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If Video Killed the Radio Star, Who Killed the Video Star?
November 26, 2007  | By David Bianculli
 
The music channel Fuse presents a new 10-part series tonight at 10 p.m. ET, called Videos That Rocked the World. The opener, on Nirvana's "Smells Like Teen Spirit," makes the point about how influential music videos could be - back in 1991.

But could any video rock the world of 2007? And if not, why not?

Or, to pose the question another way: If video killed the radio star, who killed the video star?

Music videos - the concept of capturing musical performances, usually with a narrative visual story complementing the music and lyrics - began, quite literally, with the very first motion picture with sound, 1927's The Jazz Singer. Before Greta Garbo talked on film, Al Jolson sang, ushering in a long, happy marriage of songs and images.

golddiggers33.jpg

Watch "Remember My Forgotten Man," the brilliant, lengthy musical evocation of the Depression in the Busby Berkeley musical Gold Diggers of 1933, and you'll see a 74-year-old video that not only rocked the world, but reflected it.

In 1940, you had Fantasia, Walt Disney's movie-length collection of animated classical music video. Also in the '40s, you had "Soundies," energetic short performance films played in bars via a coin-operated video jukebox (called a Panoram). For a dime, you could see Fats Waller at the piano, and Liberace, too, and watch Cab Calloway or Doris Day sing.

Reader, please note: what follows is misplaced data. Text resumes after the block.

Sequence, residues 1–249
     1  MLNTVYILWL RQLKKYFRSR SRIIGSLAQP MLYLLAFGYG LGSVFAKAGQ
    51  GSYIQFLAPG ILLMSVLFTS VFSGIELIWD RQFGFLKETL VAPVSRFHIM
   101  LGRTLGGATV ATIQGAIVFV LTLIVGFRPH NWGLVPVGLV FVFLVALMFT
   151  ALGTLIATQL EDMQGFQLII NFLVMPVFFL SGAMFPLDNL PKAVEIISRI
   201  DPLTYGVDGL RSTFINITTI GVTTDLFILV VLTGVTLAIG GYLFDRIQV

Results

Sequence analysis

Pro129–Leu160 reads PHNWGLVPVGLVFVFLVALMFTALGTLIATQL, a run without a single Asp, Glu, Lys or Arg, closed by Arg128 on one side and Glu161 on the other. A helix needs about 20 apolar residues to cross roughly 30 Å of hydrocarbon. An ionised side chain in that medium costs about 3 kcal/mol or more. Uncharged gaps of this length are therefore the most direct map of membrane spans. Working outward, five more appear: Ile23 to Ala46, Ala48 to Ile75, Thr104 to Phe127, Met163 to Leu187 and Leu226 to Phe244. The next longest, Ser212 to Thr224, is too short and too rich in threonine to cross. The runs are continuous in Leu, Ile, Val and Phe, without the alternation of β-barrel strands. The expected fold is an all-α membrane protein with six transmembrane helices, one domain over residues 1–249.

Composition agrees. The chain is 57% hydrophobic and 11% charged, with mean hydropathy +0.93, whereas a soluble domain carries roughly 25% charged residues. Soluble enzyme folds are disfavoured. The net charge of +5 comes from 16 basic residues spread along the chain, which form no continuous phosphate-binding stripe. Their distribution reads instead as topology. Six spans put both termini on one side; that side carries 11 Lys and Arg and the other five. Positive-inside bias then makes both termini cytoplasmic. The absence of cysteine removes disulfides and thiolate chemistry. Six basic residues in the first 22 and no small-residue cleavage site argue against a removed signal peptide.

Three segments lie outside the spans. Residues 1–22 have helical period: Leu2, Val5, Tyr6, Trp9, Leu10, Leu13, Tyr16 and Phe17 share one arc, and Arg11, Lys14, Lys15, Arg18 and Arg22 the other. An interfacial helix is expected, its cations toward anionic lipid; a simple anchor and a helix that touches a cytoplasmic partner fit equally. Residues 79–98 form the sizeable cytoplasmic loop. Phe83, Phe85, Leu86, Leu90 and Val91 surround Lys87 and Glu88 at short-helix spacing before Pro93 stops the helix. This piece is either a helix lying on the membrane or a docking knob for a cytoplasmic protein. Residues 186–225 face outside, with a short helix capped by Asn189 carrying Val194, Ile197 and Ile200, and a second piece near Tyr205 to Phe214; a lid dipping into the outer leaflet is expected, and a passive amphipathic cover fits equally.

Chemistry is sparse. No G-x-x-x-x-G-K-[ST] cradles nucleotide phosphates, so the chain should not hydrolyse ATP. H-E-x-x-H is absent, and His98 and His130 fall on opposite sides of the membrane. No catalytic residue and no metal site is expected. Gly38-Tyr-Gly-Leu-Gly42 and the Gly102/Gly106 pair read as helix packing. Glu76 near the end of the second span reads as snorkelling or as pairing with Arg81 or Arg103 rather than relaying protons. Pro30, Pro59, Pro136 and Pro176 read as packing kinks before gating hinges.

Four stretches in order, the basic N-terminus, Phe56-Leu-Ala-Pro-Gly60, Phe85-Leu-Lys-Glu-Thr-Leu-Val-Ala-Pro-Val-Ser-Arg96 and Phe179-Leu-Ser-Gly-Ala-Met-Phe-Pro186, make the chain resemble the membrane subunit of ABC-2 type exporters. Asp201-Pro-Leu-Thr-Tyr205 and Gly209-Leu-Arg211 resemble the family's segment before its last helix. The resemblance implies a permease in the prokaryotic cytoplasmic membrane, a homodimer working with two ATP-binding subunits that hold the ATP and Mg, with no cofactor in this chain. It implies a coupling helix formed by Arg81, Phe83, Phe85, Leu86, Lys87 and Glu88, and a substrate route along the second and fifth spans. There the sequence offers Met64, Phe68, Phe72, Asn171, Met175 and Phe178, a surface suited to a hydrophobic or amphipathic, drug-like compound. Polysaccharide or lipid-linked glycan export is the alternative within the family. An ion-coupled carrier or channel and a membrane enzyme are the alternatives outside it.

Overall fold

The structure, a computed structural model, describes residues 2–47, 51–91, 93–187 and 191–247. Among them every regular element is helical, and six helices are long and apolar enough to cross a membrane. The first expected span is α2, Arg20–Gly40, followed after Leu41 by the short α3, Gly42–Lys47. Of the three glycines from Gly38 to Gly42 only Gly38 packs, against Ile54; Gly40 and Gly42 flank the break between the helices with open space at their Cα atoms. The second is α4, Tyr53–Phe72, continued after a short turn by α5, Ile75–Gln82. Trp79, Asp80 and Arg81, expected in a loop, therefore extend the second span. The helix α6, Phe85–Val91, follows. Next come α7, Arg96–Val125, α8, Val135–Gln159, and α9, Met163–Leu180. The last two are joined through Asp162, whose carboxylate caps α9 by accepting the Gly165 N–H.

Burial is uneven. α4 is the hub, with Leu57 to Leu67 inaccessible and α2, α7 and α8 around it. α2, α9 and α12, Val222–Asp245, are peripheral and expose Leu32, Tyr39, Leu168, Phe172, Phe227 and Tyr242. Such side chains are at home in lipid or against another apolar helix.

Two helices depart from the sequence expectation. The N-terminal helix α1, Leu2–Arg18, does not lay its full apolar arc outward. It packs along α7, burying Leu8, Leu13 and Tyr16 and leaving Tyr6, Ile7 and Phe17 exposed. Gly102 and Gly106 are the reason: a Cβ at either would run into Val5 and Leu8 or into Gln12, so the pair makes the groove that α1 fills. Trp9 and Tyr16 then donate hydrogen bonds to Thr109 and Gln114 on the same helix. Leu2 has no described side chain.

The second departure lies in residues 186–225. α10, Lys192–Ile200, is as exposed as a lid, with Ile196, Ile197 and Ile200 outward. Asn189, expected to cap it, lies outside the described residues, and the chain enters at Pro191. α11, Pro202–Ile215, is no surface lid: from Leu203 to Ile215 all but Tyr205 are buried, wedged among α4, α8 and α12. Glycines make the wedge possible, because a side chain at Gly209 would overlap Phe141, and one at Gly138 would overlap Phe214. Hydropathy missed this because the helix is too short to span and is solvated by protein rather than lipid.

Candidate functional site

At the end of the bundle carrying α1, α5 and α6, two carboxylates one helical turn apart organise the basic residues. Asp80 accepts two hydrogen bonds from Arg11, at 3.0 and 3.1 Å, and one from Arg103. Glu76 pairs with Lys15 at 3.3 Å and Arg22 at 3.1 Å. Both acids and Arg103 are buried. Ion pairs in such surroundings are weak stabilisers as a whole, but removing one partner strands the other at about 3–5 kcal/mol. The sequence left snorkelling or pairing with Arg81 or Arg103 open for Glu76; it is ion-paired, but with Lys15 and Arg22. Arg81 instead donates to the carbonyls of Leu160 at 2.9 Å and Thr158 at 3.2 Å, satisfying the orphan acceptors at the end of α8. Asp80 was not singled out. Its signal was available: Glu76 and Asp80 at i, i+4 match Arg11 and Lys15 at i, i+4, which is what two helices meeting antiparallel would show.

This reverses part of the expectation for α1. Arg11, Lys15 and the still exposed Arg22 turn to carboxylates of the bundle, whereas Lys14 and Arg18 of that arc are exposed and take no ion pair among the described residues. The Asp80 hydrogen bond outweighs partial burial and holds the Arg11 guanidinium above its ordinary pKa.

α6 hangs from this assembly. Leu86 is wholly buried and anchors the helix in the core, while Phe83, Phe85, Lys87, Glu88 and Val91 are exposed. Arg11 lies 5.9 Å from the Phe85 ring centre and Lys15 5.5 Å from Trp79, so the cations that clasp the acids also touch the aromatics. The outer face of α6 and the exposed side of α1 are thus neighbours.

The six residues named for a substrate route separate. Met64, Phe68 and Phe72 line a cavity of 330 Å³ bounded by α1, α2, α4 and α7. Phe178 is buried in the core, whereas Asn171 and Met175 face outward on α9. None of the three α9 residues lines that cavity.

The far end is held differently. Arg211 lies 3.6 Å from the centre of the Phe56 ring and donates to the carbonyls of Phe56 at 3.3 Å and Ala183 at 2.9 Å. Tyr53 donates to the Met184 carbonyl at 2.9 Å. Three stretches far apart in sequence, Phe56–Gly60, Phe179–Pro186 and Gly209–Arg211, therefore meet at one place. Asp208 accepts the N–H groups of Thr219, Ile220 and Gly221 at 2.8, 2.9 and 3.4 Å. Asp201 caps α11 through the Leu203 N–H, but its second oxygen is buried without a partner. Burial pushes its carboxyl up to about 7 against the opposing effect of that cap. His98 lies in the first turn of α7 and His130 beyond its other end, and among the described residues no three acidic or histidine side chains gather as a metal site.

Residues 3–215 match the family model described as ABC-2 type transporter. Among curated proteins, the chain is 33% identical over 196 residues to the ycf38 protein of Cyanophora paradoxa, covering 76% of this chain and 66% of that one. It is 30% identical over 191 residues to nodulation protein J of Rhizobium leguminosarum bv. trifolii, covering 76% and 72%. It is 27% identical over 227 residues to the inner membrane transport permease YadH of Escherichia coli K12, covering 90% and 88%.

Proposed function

In 1955, you had Blackboard Jungle, the movie that caused a sensation, and gave rock 'n' roll its first certified #1 hit, by opening the film with the sound of Bill Haley & the Comets singing "Rock Around the Clock." That decade also gave us Elvis Presley, gyrating and electrifying on TV and in the movies.

In the 1960s, you had The Beatles. On their first, phenomenally popular and influential appearance on The Ed Sullivan Show, they rocked the world in every sense of the phrase. And with their 1964 film A Hard Day's Night, they provided the modern template for the modern video era. The Monkees, and NBC's The Monkees, followed almost immediately. Next came a decade of experimental videos, most coming from Europe, imported by such fledgling late-night TV showcases as USA Network's Night Flight at the end of the 1970s.

And then, on August 1, 1981, came MTV.

buggles.jpg

The first video played on the channel was a two-year-old clip by The Buggles, chosen for its prophetic boast: "Video Killed the Radio Star." For a generation, MTV launched or intensified the careers of one visually charismatic performer after another, including Madonna and Michael Jackson. (How Jackson's "Billie Jean," "Beat It" or "Thriller" failed to make Fuse's initial batch of Videos that Rocked the World is a baffling mystery.)

But the M in MTV has long since changed from Music to Mediocre. Instead of championing the newest in music, MTV is devoting its energies to the flashiest and most self-obsessed elements of pop culture. Tonight on MTV: an episode of Shot of Love with Tila Tequila, and three episodes of The Hills.

Who's killing the video star? By preferring a prime-time shot of Tequila to any similarly high-profile showcase of new music and videos, MTV is.

 
 
 
 
 
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